For the first time, scientists at Umeå University show how bacterial resistance to antimicrobial peptides in the immune defence may develop as the result of treatment with an antibiotic substance.
The rapid emergence antimicrobial resistance among pathogenic is a big medical and scientific challenge of our time. There is a need for development of new treatment strategies and such efforts require that the molecular mechanisms of bacterial resistance are understood.
Umeå University’s scientists professor Sun Nyunt Wai, professor Bernt Eric Uhlin and their colleagues at the Laboratory for Molecular Infection Medicine Sweden (MIMS) study the molecular mechanisms contributing to the survival and spread of Vibrio cholerae, the causative organism of cholera. This Gram-negative bacterium is responsible for many large epidemics of infectious disease that has killed millions of people. Cholera infections are getting more and more life-threatening as several bacterial variants already exist that are resistant against some antibacterial components of the innate human immune system.
During their growth Vibrio cholerae bacteria release small membrane vesicles from the outer membrane. They are filled with substances that may affect and damage the human host cells.
The MIMS researchers now publish in the international journal PLOS Pathogens how Vibrio bacteria can respond to treatment with sublethal amounts of an antibiotic agent by a mechanism making them resistant against antimicrobial peptides of the innate human immune system.
- We grew Vibrio cholerae bacteria in a culture medium containing both the antibiotic polymyxin and the antimicrobial peptide (AMP) LL37. This peptide is normally released from the epithelial cells of the human intestine during immune responses, Sun Nyunt Wai explains the experimental approach.
The infection biologists studied then the formation of outer membrane vesicles (OMV) both with fluorescence and electron microscopy on the cell surface of Vibrio cholerae.
Surprisingly, the scientists observed that the pathogen, treated with a sublethal dose of polymyxin, formed larger vesicles and that there was an increased amount of a Vibrio protein called BAP1.
- We observed that BAP1 binds to structures at the OMV surface and forms molecular traps. These traps bind then very effective to natural antimicrobial substances such as LL37 which are formed by the innate immune system. This means that the innate immune reaction is deactivated and the Cholera bacterium is able to resist the attacks from the natural antimicrobial defence system and its AMP LL37, explains Sun Nyunt Wai.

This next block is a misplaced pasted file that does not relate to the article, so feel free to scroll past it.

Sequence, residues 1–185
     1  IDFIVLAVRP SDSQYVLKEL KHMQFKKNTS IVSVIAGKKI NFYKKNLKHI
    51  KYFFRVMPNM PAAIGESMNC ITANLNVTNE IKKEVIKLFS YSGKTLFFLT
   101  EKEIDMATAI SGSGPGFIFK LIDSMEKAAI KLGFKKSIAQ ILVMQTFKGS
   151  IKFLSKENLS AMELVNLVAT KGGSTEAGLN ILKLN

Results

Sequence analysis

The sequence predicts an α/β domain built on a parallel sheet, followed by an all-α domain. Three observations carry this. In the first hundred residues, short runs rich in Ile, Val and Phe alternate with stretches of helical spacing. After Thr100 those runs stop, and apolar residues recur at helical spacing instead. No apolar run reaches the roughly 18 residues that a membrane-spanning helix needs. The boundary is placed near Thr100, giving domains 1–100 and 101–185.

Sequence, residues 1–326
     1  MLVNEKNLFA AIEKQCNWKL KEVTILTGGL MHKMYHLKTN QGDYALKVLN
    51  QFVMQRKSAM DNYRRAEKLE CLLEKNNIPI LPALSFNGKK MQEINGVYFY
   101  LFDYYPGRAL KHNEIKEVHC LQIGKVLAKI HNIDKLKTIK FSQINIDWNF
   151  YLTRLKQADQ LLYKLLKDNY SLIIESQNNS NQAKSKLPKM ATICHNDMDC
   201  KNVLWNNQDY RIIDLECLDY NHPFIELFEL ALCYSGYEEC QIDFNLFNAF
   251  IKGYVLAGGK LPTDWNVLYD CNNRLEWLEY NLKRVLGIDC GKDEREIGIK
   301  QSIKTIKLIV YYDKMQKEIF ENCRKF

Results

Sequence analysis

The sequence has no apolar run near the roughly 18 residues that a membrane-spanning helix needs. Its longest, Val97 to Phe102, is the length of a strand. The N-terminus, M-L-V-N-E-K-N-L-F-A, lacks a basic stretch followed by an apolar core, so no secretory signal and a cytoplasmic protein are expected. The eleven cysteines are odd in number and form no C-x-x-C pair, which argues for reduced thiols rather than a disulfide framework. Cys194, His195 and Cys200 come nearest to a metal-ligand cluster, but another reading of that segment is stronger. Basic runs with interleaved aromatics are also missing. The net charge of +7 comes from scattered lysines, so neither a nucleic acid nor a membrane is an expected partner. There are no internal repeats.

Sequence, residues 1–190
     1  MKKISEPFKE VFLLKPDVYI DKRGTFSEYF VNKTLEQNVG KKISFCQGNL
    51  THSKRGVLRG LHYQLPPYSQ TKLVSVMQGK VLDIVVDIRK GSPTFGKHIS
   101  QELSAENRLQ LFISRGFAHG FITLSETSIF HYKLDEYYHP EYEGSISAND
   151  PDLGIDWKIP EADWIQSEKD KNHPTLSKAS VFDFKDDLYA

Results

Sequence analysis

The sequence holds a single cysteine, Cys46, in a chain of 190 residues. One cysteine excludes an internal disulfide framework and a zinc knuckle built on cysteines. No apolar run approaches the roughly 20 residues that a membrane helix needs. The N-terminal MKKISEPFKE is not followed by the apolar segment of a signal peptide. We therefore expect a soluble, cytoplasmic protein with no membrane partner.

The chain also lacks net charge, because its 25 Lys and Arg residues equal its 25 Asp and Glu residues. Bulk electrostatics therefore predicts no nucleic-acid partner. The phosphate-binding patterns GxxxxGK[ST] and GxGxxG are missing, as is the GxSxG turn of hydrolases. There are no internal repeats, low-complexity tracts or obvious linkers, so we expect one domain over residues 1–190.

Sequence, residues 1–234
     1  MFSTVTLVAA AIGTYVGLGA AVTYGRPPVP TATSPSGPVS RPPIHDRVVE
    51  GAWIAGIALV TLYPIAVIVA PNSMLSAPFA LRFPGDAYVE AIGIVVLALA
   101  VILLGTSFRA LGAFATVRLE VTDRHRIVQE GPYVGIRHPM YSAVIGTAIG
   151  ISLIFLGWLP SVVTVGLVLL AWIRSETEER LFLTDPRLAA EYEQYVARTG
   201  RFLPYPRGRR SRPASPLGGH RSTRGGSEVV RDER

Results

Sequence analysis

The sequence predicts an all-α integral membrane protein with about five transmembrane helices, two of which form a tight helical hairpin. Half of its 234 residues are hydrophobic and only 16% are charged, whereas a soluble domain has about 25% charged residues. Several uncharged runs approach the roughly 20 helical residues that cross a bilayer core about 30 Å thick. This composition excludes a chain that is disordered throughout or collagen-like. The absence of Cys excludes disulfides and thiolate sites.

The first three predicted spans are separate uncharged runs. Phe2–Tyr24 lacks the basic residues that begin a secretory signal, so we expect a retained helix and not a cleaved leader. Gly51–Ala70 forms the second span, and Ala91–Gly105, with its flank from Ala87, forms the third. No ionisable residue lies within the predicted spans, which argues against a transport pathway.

In a normal innate defence reaction the AMP LL37 released by the intestinal epithelium would act by increasing the permeability of the bacterial cells and enable their destruction before they cause major damage in the organism. Under the influence of the polymyxin the AMP LL37-polypeptides were trapped and degraded instead.
- When we did the same experiment with mutated Vibrio bacteria that do not produce BAP1 we observed that the mutants could not destroy the AMP of the immune system although they were treated with polymyxin at the same time.
The now published study shows very clearly how important it is to investigate the potential cross-resistance effects of antimicrobial agents in connection with the molecular mechanisms of the innate immune system.
(Sun Nyunt Wai/Eva-Maria Diehl)
Swedish version of the press release
Marylise Duperthuy, Annika Sjöström, Dharmesh Sabharwal, Fatemeh Damghani, Bernt Eric Uhlin, Sun Nyunt Wai. 2013. Role of the Vibrio cholerae matrix protein Bap1 in cross-resistance to antimicrobial peptides. PLoS Pathog 9(10): e1003620. doi:10.1371/journal.ppat.1003620
Sun Nyunt Wai, professor
The Laboratory for Molecular Infection Medicine Sweden (MIMS)
Department for Molecular Biology, Umeå University
90187 Umeå, Sweden
+46 90 785 67 04
Picture: Transmission Electron Microscopy picture of Vibrio cholerae. Picture by Sun Nyunt Wai (Umeå University) and Akemi Takade (Kyushu University, Japan). Click on the picture for a enlargement.
Read the article at the MIMS web site